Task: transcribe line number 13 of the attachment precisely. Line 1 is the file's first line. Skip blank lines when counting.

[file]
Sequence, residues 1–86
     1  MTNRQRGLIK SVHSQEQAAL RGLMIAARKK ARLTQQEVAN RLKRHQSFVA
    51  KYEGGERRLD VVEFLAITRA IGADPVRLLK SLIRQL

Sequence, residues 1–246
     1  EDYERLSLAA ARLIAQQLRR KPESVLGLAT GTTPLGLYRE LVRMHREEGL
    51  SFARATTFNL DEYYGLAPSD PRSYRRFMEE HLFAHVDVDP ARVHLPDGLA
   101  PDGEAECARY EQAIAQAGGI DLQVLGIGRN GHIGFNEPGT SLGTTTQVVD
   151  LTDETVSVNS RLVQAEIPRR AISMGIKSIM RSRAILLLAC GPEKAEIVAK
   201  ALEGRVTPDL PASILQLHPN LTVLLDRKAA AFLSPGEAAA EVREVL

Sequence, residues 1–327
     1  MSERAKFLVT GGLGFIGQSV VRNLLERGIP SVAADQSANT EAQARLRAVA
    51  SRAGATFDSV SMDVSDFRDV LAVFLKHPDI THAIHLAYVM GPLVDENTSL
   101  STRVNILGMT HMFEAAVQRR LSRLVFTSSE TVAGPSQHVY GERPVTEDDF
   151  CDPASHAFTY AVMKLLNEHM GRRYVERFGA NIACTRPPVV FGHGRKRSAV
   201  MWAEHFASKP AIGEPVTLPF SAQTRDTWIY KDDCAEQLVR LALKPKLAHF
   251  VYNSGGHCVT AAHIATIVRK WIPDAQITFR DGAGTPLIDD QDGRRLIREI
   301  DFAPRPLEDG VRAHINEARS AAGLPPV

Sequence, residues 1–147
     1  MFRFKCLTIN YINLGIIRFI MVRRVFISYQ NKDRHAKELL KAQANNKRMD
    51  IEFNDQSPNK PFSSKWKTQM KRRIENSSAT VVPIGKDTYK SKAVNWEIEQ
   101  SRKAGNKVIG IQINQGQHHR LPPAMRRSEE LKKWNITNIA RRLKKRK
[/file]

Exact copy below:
   101  STRVNILGMT HMFEAAVQRR LSRLVFTSSE TVAGPSQHVY GERPVTEDDF